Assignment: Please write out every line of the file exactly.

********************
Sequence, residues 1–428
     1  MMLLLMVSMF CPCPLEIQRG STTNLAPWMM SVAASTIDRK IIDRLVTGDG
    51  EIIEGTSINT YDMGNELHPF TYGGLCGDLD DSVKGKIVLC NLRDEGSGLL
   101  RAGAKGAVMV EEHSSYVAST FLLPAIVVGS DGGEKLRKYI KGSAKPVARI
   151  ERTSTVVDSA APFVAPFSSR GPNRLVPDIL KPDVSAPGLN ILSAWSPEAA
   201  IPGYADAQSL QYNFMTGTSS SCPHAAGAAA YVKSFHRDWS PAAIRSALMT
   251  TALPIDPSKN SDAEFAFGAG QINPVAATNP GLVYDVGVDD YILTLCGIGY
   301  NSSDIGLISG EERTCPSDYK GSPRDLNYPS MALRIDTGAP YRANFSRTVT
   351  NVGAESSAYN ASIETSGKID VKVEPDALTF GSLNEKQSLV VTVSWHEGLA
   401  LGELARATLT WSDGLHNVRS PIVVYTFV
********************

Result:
Sequence, residues 1–428
     1  MMLLLMVSMF CPCPLEIQRG STTNLAPWMM SVAASTIDRK IIDRLVTGDG
    51  EIIEGTSINT YDMGNELHPF TYGGLCGDLD DSVKGKIVLC NLRDEGSGLL
   101  RAGAKGAVMV EEHSSYVAST FLLPAIVVGS DGGEKLRKYI KGSAKPVARI
   151  ERTSTVVDSA APFVAPFSSR GPNRLVPDIL KPDVSAPGLN ILSAWSPEAA
   201  IPGYADAQSL QYNFMTGTSS SCPHAAGAAA YVKSFHRDWS PAAIRSALMT
   251  TALPIDPSKN SDAEFAFGAG QINPVAATNP GLVYDVGVDD YILTLCGIGY
   301  NSSDIGLISG EERTCPSDYK GSPRDLNYPS MALRIDTGAP YRANFSRTVT
   351  NVGAESSAYN ASIETSGKID VKVEPDALTF GSLNEKQSLV VTVSWHEGLA
   401  LGELARATLT WSDGLHNVRS PIVVYTFV